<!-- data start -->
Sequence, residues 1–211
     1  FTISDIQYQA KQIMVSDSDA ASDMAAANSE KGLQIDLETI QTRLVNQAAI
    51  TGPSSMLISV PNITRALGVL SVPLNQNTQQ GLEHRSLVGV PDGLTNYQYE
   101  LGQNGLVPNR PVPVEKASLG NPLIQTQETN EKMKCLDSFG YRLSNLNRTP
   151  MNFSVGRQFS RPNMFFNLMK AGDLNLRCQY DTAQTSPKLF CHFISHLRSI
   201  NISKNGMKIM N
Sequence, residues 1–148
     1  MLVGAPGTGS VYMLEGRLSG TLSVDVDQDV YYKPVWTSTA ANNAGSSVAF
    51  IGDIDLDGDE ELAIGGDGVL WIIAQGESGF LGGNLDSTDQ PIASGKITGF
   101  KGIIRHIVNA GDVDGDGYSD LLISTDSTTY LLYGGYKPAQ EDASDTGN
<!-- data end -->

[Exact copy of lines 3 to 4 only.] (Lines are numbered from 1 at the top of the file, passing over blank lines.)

    51  TGPSSMLISV PNITRALGVL SVPLNQNTQQ GLEHRSLVGV PDGLTNYQYE
   101  LGQNGLVPNR PVPVEKASLG NPLIQTQETN EKMKCLDSFG YRLSNLNRTP